You Surely Are Not Getting Enough Of This Nutrition Powerhouse!

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The juicing craze that’s gained attention over the last few months has led to a number of vegetables experiencing a boost in popularity. One the most notable cases of sudden vegetable fame is the humble beet.

Beets are filled with health benefits that have made them a staple side dish for centuries, and more recently, a prime ingredient in homemade juices. But Eastern Europeans learned many centuries ago that the most beneficial way to enjoy beets may actually be in the fermented form. Keep reading to get the explanation on why fermented beets are the best food you’re probably not eating and learn the simplest healthy recipe for making fermented beets!


The Many Health Benefits of Beets

Before diving into the specific benefits associated with fermented beets, it is important to understand that beets are also very healthy when consumed raw or cooked.

Beets are rich in minerals like manganese, iron, potassium, magnesium, copper, as well as fiber, B vitamins, and vitamin C. In both solid and juice form, it also has powerful antioxidant properties and contains compounds like betaine, interleukin 6, and C reactive proteins, which fight inflammation. Beets have been shown to demonstrate cancer-fighting properties as well. Beet root extract has been used in research settings for potential cancer treatments, and studies have yielded positive results. It is believed that this is linked to the phytonutrients that give beets their signature reddish-purple color. Further testing is underway to determine the effectiveness and potential of beet extract as a treatment for breast, prostate, and other forms of cancer.

One of the most significant benefits linked to beets and beet juice consumption is the improvement of cardiovascular health. Numerous studies have shown how beets can lower blood pressure, decrease the risk of heart attack or stroke, and improve stamina. This is in large part due to the presence of nitrates that are converted into nitric oxide once they are in the body.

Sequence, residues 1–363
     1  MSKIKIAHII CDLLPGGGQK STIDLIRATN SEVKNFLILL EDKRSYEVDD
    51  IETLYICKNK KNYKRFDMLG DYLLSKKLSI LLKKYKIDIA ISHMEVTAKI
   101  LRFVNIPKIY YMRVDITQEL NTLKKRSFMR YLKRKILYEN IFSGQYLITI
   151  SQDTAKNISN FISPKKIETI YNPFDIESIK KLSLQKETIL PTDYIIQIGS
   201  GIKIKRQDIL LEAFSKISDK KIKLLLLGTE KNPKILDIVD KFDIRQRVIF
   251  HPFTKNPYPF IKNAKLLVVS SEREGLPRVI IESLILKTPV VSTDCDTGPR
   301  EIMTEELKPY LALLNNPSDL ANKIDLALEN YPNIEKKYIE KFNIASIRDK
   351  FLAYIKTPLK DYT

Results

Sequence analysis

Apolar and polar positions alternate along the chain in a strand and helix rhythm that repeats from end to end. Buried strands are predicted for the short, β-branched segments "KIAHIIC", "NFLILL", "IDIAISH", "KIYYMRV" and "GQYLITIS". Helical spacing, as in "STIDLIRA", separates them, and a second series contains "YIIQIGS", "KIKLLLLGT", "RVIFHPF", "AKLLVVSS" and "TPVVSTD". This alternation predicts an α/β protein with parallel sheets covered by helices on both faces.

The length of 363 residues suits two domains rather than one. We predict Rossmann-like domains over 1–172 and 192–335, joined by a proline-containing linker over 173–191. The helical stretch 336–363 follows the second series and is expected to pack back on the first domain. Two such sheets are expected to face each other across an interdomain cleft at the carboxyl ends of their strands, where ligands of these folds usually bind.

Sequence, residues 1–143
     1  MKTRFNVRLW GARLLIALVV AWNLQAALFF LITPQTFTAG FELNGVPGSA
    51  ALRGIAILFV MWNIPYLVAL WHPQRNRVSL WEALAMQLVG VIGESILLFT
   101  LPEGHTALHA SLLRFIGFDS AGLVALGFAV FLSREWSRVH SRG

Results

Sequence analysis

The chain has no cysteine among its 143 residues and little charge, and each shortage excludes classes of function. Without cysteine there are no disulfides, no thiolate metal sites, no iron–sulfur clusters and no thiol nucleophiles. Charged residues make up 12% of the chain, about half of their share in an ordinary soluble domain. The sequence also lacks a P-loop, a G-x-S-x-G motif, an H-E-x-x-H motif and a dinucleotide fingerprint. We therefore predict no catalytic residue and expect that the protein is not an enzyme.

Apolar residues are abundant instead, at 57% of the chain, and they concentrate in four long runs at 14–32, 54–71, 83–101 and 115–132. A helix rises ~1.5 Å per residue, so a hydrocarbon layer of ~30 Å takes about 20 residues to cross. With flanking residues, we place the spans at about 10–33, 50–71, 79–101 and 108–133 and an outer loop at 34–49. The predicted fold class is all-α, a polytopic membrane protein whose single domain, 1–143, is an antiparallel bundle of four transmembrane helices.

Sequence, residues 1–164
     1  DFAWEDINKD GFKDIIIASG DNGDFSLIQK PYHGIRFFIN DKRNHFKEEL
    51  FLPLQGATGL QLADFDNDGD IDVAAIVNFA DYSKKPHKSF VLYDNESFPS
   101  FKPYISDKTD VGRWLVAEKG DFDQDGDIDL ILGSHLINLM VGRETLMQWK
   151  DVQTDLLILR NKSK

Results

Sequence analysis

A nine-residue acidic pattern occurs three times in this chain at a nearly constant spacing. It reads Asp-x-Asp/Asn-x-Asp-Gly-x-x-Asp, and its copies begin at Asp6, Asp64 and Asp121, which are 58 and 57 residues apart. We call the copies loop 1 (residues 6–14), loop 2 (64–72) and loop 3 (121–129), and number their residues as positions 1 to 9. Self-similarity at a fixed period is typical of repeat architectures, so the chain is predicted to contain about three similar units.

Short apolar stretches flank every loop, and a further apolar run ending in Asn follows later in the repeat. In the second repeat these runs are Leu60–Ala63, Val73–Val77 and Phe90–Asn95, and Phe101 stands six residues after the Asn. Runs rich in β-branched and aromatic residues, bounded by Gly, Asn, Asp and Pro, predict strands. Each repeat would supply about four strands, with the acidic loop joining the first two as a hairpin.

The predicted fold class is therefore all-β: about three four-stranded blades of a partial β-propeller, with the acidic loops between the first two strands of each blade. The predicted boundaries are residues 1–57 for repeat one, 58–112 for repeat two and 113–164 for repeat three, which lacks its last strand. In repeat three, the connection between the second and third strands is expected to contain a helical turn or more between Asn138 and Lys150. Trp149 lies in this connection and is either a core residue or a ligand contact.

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Fermented Beets Health Benefits

Now, let’s get into the specifics of fermented beets. When prepared in this way, beets will offer a variety of other health benefits in addition to those listed above. The fermentation process makes all beets’ nutrients more bioavailable than they normally would be, and the enzymes and bacteria improve digestion and the overall health of the gut biome.

There are a number of different ways pickled beets can be prepared. They can be pickled like cucumbers, or added to other fermented dishes like sauerkraut. A type of fermented beet juice called beet kvass is a traditional health drink in Russia and Eastern Europe, and it has recently become more widely consumed in other regions of the world as fermented foods have become more popular.

Kvass is used as an overall health tonic (kind of like apple cider vinegar) and is also an ingredient in many soups, like borscht, vinaigrettes and more. In Eastern Europe and Russia, it was and still is used as a traditional folk remedy for many health problems like allergies, kidney stones, fatigue, indigestion, and even to reduce the greying of hair.

It is important to note that fermented beets also have detoxifying properties. Drinking too much kvass, for instance, can cause constipation and bloating. If you want to begin drinking kvass regularly, Dr. Joseph Mercola recommends starting out small with just one ounce each day, then working up to 1 cup (8 ounces) per day.

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Fermented Beets Healthy Recipe

To make your own fermented beets, follow these simple instructions:

1 jar of pickled beets: Take 6 medium or large beets and combine with 2 cups of water and one half teaspoon of sea salt. You can also add seasonings like fennel seeds or mustard seeds, but this is optional (you’ll also need a jar, obviously).


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After you have washed the beets, poke a series of holes in them, place the beets on a tray and bake them at 300 degrees until they are soft (usually takes around 3 hours, but check them often during baking to make sure). After you have baked them, chop up the beets into smaller pieces, place them in a canning jar. A quart-sized jar would be appropriate for the ratios here.

Prepare a brine with the water and sea salt. Add the sliced beets to the jar and pour the brine in. It is important to leave about one and a half inches of empty space in the jar, so don’t fill it up completely, or it will not ferment properly. Seal the jar and wait for three days for the fermentation process to take effect, then refrigerate.

Try this recipe or some kvass today and you’ll see why these fermented treats just can’t be “beet”. (Sorry).